Saturdays were big times at The Clock. People came early and stayed
late. A third of all the whiskey and beer sold in a week was sold on
Saturday nights. The girls made most of their week's money on
Just before midnight, Saturday, November 21, 1931, three men pushed
their way into Maurie's office.
"You lyin', cheatin' Jew bum!" one of them yelled.
And then the beating began. He was too small to struggle against it.
When the men left, he lay unconscious on the floor. His nose, jaw,
and a cheekbone were broken. Also two ribs.
Six days passed before detectives could question him in the hospital.
"Okay, Cohen, who did it?"
Maurie shook his head. "Don' know," he muttered through his
teeth. His jaw was wired shut.
"Th' hell you don't!"
Maurie shook his head again. "Huh-uh."
detective grunted. The cops were starting to talk in Italian terms.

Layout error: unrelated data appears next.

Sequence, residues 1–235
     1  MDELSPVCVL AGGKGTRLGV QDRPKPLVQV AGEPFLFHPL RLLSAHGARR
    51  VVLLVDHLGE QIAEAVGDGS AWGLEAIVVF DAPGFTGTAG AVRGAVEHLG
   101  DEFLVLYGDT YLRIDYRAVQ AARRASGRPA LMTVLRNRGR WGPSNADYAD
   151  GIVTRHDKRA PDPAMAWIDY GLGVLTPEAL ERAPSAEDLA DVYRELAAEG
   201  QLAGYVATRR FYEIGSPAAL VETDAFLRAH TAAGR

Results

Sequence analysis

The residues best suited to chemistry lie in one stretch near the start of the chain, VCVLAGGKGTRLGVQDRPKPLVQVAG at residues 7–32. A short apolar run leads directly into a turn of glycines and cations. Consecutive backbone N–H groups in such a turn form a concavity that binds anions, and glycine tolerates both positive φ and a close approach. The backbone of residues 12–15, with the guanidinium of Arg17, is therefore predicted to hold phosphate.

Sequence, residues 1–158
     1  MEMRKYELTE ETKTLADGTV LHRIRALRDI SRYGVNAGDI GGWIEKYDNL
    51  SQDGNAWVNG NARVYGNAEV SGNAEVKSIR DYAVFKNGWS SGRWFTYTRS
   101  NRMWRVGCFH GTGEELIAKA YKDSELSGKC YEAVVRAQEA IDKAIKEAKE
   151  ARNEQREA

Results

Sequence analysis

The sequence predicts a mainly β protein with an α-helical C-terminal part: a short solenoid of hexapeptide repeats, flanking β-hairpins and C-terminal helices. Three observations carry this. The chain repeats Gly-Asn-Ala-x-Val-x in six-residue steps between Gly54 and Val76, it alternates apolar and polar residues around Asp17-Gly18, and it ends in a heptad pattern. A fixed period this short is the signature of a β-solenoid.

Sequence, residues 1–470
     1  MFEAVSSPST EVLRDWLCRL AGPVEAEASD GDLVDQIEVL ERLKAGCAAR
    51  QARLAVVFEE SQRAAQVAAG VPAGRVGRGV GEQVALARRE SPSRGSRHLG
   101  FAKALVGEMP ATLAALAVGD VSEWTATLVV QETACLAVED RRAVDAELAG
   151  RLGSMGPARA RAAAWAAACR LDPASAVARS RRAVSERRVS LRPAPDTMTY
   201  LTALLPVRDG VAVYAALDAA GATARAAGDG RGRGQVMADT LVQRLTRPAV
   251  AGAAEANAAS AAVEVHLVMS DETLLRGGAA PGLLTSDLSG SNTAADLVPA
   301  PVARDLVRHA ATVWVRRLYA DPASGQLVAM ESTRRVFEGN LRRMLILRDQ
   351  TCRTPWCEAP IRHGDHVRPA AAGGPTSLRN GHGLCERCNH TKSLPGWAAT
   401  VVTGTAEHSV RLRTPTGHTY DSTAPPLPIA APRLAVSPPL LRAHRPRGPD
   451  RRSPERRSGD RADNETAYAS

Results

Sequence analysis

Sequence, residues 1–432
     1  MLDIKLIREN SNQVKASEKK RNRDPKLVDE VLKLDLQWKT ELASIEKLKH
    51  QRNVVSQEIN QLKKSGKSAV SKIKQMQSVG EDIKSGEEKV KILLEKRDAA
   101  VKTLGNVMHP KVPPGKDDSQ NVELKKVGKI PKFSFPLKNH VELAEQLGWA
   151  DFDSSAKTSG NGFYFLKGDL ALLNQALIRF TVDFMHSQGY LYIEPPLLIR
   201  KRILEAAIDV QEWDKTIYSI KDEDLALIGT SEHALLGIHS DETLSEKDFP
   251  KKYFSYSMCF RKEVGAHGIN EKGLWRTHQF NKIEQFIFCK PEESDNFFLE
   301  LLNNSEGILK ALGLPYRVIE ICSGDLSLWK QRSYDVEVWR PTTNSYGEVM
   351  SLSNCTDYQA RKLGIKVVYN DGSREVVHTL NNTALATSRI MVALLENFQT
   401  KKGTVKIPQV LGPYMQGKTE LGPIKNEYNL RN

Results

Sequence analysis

They spoke of the Black Hand and used the word
meaning code of silence.
Maurie was able to smile faintly.
"You c'n learn their tricks," said the detective. "I
guess you have."
Of course he knew the guys that beat him. What he didn't know was
He found out when Firetop came to see him. The big redheaded man sat
down beside his bed, took his hand, and explained —
"It was a mistake," he said. "Somebody told us you
were sellin' beer somebody else cooked. Not true, we know now. Too
late, but we know now. We'll make it up to you some way, Maurie.
We'll take care of you right."
Maurie nodded and smiled painfully. " 'S okay," he
"And you've kept your mouth shut," said Firetop. Then he